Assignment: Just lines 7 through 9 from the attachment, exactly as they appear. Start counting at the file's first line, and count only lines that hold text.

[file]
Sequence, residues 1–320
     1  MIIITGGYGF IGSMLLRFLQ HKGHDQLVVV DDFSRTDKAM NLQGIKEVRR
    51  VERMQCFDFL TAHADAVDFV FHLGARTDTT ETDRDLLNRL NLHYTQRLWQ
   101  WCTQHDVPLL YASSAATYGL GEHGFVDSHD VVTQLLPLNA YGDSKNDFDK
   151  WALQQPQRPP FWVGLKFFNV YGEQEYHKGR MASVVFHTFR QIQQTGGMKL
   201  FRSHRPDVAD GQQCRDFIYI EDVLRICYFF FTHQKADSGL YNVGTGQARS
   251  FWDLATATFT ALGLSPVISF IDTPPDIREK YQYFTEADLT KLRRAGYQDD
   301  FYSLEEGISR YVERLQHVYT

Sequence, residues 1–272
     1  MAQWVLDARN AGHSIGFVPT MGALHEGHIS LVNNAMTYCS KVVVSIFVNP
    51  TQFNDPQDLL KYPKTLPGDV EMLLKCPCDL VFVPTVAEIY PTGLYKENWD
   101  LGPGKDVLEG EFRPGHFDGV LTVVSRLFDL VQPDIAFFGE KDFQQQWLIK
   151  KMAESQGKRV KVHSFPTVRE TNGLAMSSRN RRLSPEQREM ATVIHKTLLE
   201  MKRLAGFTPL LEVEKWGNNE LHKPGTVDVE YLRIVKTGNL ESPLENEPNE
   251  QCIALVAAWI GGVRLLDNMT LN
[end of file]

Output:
   251  FWDLATATFT ALGLSPVISF IDTPPDIREK YQYFTEADLT KLRRAGYQDD
   301  FYSLEEGISR YVERLQHVYT

Sequence, residues 1–272